mitamu | photo courtesy of the artist
mitamu’s Tammy Huynh tells the story of her stunning, kaleidoscopic debut album sunflower in the east
“I heard that for young sunflowers, the blooms are constantly following the sun,” says Tammy Huynh of mitamu. “But once they mature, they permanently face east.”
Huynh, a composer, songwriter, vocalist, multi-instrumentalist and bandleader, calls her debut album sunflower in the east “a coming-of-age story” because she and the album have both grown together and grounded each other. “The record is a tribute to the trials and triumphs of growing up, learning to be vulnerable, and maintaining a creative existence in a commodified world.”
Huynh began work on the project in 2018 as an undergrad at Temple University, where she first studied classical piano but grew drawn to jazz. Through the last three years, she pieced together compositions on her own and with a host of other instrumentalists, building a collection of disparate musical statements all decorated in their own stunning sound-worlds. Now a graduate student at the Manhattan School of Music, Huynh counts Buffy Saint-Marie, Milton Nascimento, Nujabes, Mitski, anime soundtracks and arcade games among her musical influences, while her lyrics pull from poetry and spoken word. sunflower plays like a living document of a band who’s fully self-assured, unafraid to challenge its listeners over and over again.
mitamu (pronounced mee-ta-moo) played sunflower live with a few different lineups before recording, while the album lineup includes songwriter, pianist and synth player Luca Farrell, bassist Pete Dennis, drummer Joey Sullivan, guitarist Dave DʼArville, poet Lindsay Hargrave, tenor saxophonist Ben Stocker, trumpeter Walter A. Cano and the Bismuth String Quartet. The team recorded at Rittenhouse Soundworks in Germantown, with production by Logan Roth and Arjun Dube (of Trap Rabbit) and engineering by Michael Cumming (of Treacle Mine Recording).
I caught up with Tammy Huynh over the phone to hear about her debut album, as well as recent releases “SON OF A GUN,” “arabesque skies” and PHILLY POP (under the name Mỹ Tâm). Our conversation below has been edited for length and clarity.
The Key:You have been working on sunflower in the east since 2018! Can you describe how the process started and how you managed to complete the project during the pandemic?
Tammy Huynh: It started during my undergrad when I decided I wanted to write songs. By the end of it, I acquired a collection of songs that reflected this very formative time in my life, and I knew I wanted to share the songs in hopes of connecting with others. I wanted to give these songs the treatment I thought they deserved, so it took a few years of playing the music and growing before I felt ready to record. I worked multiple jobs and saved every penny so I could tell this music – this story, really – the way I wanted.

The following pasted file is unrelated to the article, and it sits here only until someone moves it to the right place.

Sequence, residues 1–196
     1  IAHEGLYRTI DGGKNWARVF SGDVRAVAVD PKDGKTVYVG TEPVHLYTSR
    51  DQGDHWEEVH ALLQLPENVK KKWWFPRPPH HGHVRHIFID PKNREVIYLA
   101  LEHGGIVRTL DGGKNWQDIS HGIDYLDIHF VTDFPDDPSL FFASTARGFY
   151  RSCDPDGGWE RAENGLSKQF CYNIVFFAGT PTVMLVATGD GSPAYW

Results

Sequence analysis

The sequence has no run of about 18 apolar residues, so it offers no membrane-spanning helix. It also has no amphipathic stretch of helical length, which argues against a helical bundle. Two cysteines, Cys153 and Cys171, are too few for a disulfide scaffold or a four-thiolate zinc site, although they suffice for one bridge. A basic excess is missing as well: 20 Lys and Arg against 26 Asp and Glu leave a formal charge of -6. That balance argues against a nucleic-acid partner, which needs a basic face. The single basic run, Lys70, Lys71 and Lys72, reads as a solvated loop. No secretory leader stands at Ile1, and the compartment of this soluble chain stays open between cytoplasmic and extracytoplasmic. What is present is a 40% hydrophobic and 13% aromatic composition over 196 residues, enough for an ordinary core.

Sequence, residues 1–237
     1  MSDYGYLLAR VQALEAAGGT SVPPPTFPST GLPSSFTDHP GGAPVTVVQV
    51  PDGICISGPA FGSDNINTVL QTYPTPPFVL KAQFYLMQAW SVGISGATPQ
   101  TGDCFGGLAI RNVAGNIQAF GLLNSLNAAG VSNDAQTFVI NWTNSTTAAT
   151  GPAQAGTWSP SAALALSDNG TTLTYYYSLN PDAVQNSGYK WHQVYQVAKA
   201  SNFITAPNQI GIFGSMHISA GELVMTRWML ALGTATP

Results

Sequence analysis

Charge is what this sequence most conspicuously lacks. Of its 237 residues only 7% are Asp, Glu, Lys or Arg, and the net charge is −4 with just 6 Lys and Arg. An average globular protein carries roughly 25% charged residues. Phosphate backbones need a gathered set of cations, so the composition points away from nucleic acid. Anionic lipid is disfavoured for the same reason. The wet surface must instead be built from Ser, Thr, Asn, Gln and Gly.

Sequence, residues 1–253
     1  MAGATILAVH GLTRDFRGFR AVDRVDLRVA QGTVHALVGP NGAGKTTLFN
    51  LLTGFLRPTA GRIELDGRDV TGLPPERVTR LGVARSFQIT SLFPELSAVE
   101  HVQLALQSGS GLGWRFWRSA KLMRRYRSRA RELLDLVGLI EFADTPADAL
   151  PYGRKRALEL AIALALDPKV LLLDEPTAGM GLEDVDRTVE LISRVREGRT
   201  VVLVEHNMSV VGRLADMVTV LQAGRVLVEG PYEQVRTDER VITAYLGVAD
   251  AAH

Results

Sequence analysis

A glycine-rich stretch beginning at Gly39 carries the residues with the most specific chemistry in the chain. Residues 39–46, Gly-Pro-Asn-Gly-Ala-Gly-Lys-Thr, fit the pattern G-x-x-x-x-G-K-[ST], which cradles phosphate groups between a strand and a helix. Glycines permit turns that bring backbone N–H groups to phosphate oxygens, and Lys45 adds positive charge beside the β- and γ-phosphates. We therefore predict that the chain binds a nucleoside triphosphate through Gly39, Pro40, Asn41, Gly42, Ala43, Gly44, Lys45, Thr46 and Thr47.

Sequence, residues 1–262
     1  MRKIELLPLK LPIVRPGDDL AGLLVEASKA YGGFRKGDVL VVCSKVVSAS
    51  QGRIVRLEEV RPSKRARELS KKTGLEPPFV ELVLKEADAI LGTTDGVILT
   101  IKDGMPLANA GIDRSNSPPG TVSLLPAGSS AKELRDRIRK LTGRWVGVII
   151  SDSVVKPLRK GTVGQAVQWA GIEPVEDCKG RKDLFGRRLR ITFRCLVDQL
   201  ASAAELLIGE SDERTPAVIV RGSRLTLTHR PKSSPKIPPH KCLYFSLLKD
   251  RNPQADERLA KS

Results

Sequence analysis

There were certainly a lot of setbacks while working on this during the pandemic. In addition, I was also starting grad school so working on it while there were these external forces definitely presented a challenge; being able to record, produce, and do the album art safely with others was always a concern. I wasn’t making much money due to the pandemic, but weirdly enough these strange times really forced me to slow down, and because of that I think I was able to put much more care into the whole project in general.
TK: While working on these arrangements, did you play through them with an ensemble, or just accompany yourself alone?
TH: Both – it all started with me trying to accompany myself and get a feel for the songs, and then I tried to play it with different groups of people. For the group I wanted to record with, things just didn’t work out, and I had to re-form the band many times. And finally we ended up with our current personnel, my friends Luca Farrell on keys, Pete Dennis on bass, Dave D’Arville on guitar, Joey Sullivan on drums, and then we recently added a new horn player, Brandon Choi, into the mix.
TK:Do you feel differently about these songs now, after all this time, than when you first started working on them?
TH: Yeah, absolutely. When I first wrote them, we were only starting to get to know each other – like I met a friend, and we’ve only grown closer. In many ways we grew together. The one song that comes to mind is “Mother’s Song,” which is actually the first song I wrote. My thoughts on what motherhood could be have grown profoundly, and I think it’s reflected on the arrangement that you hear on the album. But I think the same could be said with all these songs: they’ve all grown with me and matured in such beautiful ways.
TK: What inspired the lyrics you wrote for this album?
TH: Each song is a window into my life, and all reflective of these very personal and private feelings that I felt during this time. I think a really big influence in a lot of my lyrics is just poetry. The whole album begins and ends with one of my own; the poem that you hear right before “Mother’s Song” features my band’s resident poet Lindsay Hargrave; “Shipwrecked” was based off of a medieval Polish text that I read a really long time ago, just to name a few.